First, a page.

Fellow tumblr users: do you engage in debate on tumblr? What issues appear on your dashboard? Is tumblr a good forum for debate in the public sphere?

References

Jurgen Habermas: The Structural Transformation of the Public Sphere

Safaronova, V 2014, ‘Millennials and the Age of Tumblr’, The New York Times, 19th December 2014, viewed 9th April 2015, http://www.nytimes.com/2014/12/21/style/millennials-and-the-age-of-tumblr-activism.html?_r=0.

Sutter, J 2011, ‘Tumblr Becomes Platform for Occupy Wall Street Debate’, CNN, 12th October 2011, viewed 9th April 2015, http://edition.cnn.com/2011/10/12/tech/web/tumblr-occupy-wall-street/.

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5 thoughts on “Tumblr: The New Platform for Debate

  1. I have never used Tumblr, so it’s very interesting to learn about how much it has evolved in the past few years. I wasn’t aware that it was a source of activism, but it’s definitely a good thing, especially for sending such powerful messages. Your example of the Wall Street debate is a very good one that helps me understand to what extent Tumblr users go to, to contest about such things.

    Personally, I don’t and never have used Tumblr, but after reading your blog and realising what it can be used for, I feel like it would be a good time to start. Although I haven’t used it, I feel indecisive about whether or not it would be a good forum for debate in the public sphere, as it is very different to other types of forums.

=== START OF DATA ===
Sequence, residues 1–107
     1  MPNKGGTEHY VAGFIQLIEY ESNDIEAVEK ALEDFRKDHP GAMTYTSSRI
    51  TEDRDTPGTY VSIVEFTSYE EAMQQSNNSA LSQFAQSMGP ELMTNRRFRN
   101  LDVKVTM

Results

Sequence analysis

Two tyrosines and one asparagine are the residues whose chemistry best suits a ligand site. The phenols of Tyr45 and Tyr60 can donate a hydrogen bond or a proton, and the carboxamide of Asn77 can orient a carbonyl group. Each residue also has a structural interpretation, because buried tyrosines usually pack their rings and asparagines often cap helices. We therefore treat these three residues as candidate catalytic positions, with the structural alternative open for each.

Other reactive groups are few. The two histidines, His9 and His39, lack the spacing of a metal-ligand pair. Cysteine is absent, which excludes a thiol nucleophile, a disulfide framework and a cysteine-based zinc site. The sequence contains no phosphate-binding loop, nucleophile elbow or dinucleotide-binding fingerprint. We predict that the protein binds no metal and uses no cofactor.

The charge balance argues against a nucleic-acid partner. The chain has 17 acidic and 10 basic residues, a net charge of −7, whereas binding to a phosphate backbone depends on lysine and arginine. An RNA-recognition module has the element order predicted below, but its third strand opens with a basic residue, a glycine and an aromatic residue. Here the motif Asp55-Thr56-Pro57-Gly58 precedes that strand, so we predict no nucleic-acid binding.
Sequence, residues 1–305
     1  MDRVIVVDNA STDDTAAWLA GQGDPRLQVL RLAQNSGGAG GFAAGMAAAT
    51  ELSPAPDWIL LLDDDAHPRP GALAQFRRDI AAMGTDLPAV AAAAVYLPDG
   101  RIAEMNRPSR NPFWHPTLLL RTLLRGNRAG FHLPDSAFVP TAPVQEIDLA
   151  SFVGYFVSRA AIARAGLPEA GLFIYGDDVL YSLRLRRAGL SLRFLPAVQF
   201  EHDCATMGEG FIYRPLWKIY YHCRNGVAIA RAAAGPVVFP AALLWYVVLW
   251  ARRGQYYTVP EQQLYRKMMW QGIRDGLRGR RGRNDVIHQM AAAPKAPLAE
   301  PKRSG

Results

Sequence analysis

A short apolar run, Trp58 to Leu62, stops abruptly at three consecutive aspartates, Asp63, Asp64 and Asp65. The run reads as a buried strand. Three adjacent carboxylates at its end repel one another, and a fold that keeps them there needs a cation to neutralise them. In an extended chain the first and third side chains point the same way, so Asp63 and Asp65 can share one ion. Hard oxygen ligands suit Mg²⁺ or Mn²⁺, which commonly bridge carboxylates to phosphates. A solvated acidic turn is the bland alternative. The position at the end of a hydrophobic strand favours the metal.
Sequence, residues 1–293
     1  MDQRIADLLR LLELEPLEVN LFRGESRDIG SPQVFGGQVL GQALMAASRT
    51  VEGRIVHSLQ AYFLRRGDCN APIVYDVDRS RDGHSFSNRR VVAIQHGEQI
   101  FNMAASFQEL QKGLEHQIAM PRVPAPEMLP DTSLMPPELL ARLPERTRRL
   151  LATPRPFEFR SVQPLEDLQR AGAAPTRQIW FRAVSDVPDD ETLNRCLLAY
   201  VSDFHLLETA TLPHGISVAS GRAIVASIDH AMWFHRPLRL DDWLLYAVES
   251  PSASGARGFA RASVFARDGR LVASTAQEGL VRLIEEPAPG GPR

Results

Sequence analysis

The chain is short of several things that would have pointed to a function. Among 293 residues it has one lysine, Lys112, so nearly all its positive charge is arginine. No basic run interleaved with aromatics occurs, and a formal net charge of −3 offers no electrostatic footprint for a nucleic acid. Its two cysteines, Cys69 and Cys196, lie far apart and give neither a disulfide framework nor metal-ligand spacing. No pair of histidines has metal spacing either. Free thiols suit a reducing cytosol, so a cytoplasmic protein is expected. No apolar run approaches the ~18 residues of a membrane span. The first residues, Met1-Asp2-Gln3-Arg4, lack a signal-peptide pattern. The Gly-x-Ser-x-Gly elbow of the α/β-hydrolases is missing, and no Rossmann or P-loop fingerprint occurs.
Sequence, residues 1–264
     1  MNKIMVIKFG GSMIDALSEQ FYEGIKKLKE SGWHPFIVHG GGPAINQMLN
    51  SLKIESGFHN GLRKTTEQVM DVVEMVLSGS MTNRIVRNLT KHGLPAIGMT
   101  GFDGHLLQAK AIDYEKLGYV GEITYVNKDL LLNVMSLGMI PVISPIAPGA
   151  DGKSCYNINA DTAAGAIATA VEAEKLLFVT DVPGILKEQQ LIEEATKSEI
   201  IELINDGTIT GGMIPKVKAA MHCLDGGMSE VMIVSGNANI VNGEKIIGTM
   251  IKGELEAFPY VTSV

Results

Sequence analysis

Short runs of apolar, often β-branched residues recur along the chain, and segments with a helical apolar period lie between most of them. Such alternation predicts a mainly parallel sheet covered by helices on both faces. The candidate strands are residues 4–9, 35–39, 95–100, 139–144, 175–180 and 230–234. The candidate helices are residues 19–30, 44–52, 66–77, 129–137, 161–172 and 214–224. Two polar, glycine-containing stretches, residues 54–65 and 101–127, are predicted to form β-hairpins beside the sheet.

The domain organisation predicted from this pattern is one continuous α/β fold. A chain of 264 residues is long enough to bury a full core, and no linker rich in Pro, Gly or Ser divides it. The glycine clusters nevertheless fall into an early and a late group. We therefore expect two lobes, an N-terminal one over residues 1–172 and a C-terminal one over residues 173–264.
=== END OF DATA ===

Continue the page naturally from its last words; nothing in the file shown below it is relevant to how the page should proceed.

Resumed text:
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    • It definitely has! With no word limit, a large audience and freedom of speech, Tumblr is becoming a more powerful forum for debate in the public sphere. However my only criticism of Tumblr as a platform for debate is the lack of respect that is sometimes evident. People who share the dominant view tend to gang up on those who don’t and slam down their opinion. There is a definite lack of respect and even bullying sometimes. That’s why I personally prefer not to use the site for activism and debate, but more for my own entertainment. Despite this I would still encourage you to give the site a try 🙂

      Liked by 1 person

  2. Much like yourself, I have been using Tumblr for a few years (four years), and during the course of them, I have seen a number of issues appear on my dashboard. And although I haven’t really joined in the debates that people are having, I have participated in the activism that takes place on the site.

    Aside from that however, Tumblr has introduced me to several political and societal issues, including but not limited to the following:
    • Feminism and relative feminist topics (e.g. the filibuster of Texan governor Wendy Davis over anti-abortion laws in 2013 was widely spread through the site)
    • LGBTQ rights/representation (e.g. the suicide of transgender teen Leelah Alcorn at the end of 2014, which lead to a petition entitled “Leelah’s Law”- a law which aims to ban psychologists in the US from using “conversion therapy” or other discreditable psychological practices on patients.)
    • Racism (e.g. the Ferguson riots (Aug. ‘14 to Feb. ’15.))
    • Awareness of mental health issues such as depression or social anxiety amongst teens/young adults.
    • Political elections- from the USA to Australia.